CHECHNYA DUTY HARDENS RUSSIAN POLICE
Susan B. Glasser, Washington Post, 11/28/03
Coming home from Chechnya to the placid streets of this provincial
capital, Sergei Myasnikov and the other men in his elite Russian
police unit thought only of losing themselves in alcohol. They were
quick to anger, bitter over money they believed they were entitled to
and never received, and resentful about having to fight a war that
few of them supported.
"We were gorging ourselves on vodka like pigs when we came home,"
Myasnikov recalled. He observes law enforcement from the sidelines
now, because his skull was blown apart in a Chechen ambush and
patched back together with a plastic plate. And what he notices is a
police force far different from the one he joined a decade ago. "I
see how they change in Chechnya," he said. "When they come back,
they're like zombies."
Myasnikov was a cop, not a warrior, but in Russia today, after nearly
a decade of on-again, off-again combat in Chechnya, there is less and
less difference between the two. Police units from every region of
Russia have been dragged into the conflict, lured and often coerced
into what the officers call "business trips" with the promise of
extra money. Using police as well as army troops is part of a Russian
government strategy to depict the war, to its public and the world,
as a limited anti-terrorist operation.
Assigned to maintain law and order in Russia's fragile emerging
democracy, the country's traffic cops and riot squads and foot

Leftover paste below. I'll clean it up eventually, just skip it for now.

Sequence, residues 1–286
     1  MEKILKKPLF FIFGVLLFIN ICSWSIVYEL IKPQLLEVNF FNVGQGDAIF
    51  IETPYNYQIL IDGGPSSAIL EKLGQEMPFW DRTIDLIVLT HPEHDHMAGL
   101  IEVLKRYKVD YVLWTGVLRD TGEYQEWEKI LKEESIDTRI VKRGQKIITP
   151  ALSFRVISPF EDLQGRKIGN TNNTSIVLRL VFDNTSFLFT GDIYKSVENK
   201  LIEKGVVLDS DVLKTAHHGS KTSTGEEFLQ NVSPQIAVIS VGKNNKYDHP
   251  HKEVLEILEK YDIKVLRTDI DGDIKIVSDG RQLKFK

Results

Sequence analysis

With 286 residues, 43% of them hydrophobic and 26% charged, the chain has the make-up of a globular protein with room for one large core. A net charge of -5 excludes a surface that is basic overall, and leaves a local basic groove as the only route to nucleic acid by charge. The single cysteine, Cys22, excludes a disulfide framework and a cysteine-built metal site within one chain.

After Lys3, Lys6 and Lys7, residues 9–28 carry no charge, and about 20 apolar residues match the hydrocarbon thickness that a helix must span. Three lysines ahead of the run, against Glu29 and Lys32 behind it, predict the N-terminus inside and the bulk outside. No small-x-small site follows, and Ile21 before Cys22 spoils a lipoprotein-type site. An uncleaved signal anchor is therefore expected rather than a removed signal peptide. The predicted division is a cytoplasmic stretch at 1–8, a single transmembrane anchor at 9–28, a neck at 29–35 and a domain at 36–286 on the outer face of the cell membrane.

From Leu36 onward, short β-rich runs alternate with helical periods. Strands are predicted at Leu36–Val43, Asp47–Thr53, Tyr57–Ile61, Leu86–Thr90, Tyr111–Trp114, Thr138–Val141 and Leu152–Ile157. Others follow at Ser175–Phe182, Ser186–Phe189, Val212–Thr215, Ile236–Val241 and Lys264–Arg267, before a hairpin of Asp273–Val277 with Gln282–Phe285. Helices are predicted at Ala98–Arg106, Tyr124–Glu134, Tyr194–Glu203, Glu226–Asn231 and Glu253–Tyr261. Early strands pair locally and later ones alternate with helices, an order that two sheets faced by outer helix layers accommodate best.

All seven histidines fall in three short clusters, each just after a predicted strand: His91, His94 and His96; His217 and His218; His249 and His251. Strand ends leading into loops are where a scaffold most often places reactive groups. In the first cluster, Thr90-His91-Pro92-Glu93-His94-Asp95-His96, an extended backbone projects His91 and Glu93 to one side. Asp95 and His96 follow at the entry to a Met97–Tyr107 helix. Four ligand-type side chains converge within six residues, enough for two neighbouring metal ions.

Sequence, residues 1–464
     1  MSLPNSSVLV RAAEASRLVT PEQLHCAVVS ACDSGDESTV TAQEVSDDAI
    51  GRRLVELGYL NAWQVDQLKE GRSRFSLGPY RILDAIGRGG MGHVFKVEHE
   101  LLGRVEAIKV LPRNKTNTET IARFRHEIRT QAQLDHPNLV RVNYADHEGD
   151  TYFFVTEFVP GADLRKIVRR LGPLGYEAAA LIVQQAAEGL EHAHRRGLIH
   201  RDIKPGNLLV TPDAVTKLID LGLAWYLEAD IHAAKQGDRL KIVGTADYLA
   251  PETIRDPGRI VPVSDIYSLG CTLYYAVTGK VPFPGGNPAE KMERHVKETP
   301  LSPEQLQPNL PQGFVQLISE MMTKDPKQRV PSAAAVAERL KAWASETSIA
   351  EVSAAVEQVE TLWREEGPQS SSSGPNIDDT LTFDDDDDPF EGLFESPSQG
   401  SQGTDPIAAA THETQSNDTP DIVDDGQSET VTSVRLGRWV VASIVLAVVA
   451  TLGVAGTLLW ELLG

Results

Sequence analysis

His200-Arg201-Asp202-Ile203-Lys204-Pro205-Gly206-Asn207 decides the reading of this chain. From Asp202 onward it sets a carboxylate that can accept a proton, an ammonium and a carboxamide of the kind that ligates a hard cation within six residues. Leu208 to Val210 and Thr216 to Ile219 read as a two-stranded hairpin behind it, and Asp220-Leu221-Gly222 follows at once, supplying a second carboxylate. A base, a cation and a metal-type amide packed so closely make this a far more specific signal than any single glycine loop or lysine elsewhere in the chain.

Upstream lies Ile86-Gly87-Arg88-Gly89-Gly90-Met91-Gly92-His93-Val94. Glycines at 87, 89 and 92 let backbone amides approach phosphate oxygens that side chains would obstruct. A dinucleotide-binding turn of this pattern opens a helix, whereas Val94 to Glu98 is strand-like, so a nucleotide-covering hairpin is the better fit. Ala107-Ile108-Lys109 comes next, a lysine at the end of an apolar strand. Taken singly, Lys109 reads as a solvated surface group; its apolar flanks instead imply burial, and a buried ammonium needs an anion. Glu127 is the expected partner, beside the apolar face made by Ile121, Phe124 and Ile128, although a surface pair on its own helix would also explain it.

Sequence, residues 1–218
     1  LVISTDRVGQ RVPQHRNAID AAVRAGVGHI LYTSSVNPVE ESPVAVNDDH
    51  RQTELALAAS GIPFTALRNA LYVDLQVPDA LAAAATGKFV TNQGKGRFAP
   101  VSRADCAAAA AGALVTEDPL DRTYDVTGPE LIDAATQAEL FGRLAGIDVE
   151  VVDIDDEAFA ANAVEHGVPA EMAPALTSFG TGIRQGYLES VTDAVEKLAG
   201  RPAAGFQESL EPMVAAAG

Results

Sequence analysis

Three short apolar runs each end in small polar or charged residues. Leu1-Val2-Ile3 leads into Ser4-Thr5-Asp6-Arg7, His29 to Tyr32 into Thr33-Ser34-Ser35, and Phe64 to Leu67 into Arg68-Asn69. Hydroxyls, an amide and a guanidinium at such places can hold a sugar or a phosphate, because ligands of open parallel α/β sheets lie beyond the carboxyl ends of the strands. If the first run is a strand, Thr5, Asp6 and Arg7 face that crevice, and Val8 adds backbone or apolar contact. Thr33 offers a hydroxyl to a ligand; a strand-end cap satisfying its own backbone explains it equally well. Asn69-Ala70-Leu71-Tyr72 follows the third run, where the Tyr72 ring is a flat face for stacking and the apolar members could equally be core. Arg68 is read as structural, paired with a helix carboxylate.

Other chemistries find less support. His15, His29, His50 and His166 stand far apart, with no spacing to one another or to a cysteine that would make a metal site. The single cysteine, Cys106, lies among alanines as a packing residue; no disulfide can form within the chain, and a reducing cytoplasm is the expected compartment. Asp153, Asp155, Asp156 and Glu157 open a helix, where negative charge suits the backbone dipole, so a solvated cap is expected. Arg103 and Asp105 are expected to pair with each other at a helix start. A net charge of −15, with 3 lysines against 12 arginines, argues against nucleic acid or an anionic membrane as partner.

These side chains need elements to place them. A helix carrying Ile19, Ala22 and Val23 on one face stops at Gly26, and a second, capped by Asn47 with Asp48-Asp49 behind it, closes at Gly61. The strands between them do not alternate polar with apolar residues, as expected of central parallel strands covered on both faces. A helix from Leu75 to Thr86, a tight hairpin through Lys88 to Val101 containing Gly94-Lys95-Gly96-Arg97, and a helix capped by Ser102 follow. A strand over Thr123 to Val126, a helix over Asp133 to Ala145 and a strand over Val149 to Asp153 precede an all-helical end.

patrolmen have instead spent years being schooled in the lawlessness
and disorder of one of the world's most brutal civil wars. Like
Myasnikov, they come back to civilian Russia changed, a new breed of
angry, disillusioned police officers who moonlight as mercenaries.
To human rights activists, this constitutes a menace that may become
one of the lasting legacies of the Chechen war throughout the rest of
Russia. They fear the consequence for creation of democratic
institutions when the guarantors of the law have themselves been
accused of serious war-zone abuses by human rights groups and, very
"For eight years, almost the entire militia of Russia have been to
Chechnya. They are used to killing and to illegal violations, and they
bring that back with them," said Lev Ponomaryov, leader of the group
For Human Rights.
In a gritty suburb of Moscow, Chechen drama students were attacked in
their dorm, in 2001 and again in 2002, by a squad of organized-crime
police who said they had returned a week earlier from Chechnya
and "wanted revenge for their friend who died there," recounted
Rustam Milkeyev, one of the students.
In the Russian industrial city of Perm, 1,000 miles northeast of the
war, ordinary traffic cops ask for bribes in halting Chechen when
they stop someone from Chechnya, said Chechen businessman Aslanbek
Dinayev. "The only way out is just to pay," he said.
In Nizhny Novgorod, an officer, just back from Chechnya, recently
opened fire on a crowd of civilians in the Volga River city; his
bosses said he did it because he thought he heard a Muslim man
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